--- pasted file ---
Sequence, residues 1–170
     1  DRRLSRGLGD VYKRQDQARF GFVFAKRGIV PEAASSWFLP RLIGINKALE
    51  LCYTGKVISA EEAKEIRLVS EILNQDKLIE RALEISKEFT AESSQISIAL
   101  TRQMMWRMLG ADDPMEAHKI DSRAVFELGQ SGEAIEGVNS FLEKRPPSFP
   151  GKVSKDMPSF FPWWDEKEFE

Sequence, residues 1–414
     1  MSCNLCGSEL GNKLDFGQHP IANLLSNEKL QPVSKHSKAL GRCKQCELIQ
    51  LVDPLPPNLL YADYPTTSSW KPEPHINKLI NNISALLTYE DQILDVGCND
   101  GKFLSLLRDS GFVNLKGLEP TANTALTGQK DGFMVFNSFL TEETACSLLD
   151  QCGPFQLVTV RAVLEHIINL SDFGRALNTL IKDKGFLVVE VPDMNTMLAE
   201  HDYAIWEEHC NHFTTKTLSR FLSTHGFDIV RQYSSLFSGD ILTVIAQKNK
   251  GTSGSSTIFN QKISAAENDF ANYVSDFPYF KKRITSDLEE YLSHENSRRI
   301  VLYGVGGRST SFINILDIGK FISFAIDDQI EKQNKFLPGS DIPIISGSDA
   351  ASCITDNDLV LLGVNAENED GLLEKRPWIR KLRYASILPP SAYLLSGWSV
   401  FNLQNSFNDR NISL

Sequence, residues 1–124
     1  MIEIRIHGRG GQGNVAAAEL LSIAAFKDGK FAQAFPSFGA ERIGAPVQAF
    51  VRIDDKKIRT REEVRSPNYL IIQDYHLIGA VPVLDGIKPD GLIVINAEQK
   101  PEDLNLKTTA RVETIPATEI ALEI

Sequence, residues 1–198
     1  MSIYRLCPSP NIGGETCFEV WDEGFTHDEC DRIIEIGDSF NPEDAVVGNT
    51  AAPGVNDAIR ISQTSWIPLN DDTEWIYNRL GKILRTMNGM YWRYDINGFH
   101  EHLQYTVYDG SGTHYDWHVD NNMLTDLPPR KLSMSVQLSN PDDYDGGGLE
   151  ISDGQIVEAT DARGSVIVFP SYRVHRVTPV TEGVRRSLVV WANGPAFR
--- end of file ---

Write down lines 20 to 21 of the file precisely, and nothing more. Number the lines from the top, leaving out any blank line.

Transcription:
Sequence, residues 1–198
     1  MSIYRLCPSP NIGGETCFEV WDEGFTHDEC DRIIEIGDSF NPEDAVVGNT